My life’s not my own anymore, I can say,
I surrendered it long ago and now every single day,
I count what is lost only a gain,
Because with Christ my life’s spiritually sane.
Like so many, my experience of salvation was the beginning of life—not the end.
Sometimes we see before us a great precipice. As we approach that rock bottom experience—the absolute pit of despair—we come not to the end of life, but truly to the beginning of it.
God reframes life from the perspective of eternity.
We have invested all of our energy and all of our identity in this one life that we knew. When that life came to a close we perhaps began to understand there was more to life than what we knew. When that knowledge entered our heads and penetrated into our hearts, we began to see life completely anew.
We suddenly discovered that the surrendered life is the only true life; the abundant life where the seen worldly concern withers and fades in comparison to the unseen realities that are backed in God’s truth.
When we arrived at this place—that brand-new beginning—we sensed that we had been taken there for a reason. God purposed the low time would not be an end in itself, but, on the basis of our attitude to draw near to him, he would revive us, and give us something we never dared imagine.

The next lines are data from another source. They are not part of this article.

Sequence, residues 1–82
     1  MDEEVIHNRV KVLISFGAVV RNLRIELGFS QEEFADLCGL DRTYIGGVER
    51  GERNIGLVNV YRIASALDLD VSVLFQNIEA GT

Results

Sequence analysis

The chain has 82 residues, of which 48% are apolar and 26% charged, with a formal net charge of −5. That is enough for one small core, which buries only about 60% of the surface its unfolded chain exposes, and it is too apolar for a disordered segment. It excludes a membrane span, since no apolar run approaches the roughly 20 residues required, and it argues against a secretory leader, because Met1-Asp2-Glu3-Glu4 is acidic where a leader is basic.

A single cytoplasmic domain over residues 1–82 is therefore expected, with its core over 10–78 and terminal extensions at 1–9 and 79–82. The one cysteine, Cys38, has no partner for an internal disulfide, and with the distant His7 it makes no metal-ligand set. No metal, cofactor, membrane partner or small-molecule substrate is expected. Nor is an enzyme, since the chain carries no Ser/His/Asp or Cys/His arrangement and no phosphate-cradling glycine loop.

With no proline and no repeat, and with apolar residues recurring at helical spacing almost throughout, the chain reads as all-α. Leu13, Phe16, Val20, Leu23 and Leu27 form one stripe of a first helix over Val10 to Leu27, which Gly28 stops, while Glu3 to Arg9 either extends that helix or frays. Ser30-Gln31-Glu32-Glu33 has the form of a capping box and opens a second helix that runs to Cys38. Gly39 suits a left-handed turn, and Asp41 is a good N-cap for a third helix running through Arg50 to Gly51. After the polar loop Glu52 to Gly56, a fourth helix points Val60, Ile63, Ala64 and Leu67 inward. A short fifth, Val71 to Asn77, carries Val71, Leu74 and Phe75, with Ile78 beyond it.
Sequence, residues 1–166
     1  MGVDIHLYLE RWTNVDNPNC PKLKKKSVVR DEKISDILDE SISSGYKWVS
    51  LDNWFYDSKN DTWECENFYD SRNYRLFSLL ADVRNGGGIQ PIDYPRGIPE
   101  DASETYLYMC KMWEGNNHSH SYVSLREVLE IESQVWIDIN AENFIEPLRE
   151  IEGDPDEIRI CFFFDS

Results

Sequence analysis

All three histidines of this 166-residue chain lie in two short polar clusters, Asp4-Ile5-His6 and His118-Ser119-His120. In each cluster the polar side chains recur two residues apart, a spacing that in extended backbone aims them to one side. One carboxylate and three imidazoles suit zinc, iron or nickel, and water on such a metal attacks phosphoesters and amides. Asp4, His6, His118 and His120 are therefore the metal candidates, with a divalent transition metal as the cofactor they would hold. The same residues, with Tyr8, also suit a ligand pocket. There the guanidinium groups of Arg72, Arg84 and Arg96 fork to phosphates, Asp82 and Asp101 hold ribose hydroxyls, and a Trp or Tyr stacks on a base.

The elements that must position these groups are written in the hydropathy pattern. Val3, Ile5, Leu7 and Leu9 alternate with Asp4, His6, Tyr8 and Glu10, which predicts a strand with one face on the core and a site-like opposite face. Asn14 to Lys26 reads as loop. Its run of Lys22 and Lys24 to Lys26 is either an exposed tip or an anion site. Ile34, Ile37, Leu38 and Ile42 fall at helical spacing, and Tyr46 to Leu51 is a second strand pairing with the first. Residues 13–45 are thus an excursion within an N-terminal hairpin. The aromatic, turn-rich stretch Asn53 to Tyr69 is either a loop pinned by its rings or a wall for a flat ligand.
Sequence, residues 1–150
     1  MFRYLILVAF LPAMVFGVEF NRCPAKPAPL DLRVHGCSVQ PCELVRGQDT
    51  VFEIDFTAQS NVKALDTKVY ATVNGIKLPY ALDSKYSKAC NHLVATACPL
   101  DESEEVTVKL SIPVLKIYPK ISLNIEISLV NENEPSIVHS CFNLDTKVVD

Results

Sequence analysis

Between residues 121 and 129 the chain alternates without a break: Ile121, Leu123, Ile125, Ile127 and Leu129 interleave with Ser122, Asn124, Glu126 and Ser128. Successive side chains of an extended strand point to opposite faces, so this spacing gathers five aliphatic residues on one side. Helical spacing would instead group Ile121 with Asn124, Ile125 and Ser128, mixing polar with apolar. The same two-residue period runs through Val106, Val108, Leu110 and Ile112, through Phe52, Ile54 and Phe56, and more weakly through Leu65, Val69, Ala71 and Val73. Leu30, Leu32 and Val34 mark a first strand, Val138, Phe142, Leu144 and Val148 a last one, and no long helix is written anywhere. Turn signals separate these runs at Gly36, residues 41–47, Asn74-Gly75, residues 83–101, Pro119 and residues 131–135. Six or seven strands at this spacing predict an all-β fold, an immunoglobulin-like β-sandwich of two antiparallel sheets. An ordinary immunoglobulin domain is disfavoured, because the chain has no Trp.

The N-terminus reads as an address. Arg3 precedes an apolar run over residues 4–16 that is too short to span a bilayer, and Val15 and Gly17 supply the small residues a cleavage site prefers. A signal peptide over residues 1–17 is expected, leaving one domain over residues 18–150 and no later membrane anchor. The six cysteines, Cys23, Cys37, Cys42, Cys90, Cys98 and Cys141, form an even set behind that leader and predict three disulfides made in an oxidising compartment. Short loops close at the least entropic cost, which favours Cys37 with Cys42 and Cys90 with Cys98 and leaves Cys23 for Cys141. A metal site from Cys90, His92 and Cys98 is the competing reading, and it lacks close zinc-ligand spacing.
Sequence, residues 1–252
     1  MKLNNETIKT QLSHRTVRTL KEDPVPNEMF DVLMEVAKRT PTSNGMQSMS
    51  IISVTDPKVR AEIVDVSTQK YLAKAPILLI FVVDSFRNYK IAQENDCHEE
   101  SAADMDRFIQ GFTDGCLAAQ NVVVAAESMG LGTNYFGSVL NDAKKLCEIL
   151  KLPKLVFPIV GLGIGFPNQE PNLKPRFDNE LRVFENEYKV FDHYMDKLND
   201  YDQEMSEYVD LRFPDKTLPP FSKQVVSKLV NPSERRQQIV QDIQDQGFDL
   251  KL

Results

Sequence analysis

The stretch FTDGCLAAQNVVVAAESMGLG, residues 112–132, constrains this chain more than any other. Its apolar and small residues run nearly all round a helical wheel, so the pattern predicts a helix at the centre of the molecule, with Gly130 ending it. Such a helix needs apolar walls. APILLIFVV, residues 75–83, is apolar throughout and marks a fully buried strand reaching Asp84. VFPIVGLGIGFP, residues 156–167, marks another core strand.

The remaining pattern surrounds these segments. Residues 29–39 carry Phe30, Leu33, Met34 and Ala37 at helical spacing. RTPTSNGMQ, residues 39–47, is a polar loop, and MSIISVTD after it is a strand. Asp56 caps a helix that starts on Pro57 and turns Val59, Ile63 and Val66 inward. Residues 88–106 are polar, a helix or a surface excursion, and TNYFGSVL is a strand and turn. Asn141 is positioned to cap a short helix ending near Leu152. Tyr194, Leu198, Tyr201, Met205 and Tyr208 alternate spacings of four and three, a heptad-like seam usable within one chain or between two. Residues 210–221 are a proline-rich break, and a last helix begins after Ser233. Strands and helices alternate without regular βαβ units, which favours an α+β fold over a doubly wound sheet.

As we experience this life, this new energy, this new worldview, this newly settled nature, we become instinctive regarding our reactions to all things in life. Our responses are measured by calm poise, as we seek to discern what the Spirit is saying for us to do.
When my life is no longer my own, I, for the first time, truly begin to understand God.
God has brought me here for a reason. God has withdrawn everything I have loved in order that he may be seen for who he is—a redemptive God who will give me eternity for a question.
The old life was a question.
We always lived in the question. We always endured uncertainty.
Now with God there is a paradox of uncertainty. We live in accepting unparalleled uncertainty and we are never happier because certainty is no longer our yardstick or goal. We have been delivered of such fear, because to need to know certainty is a want of being God. Instead, we allow God to be God and we take a position of truly relying and trusting.
Such is freedom!
The beauty of life that is no longer our own is we don’t need to have the answers. It is such a comfort to know we are nothing without God, but in God we are everything. And we can do all things through him who strengthens us, if we would abide by his will and surrender. There and then we taste freedom—in that God-space of reliance and trust.
© 2013 S. J. Wickham.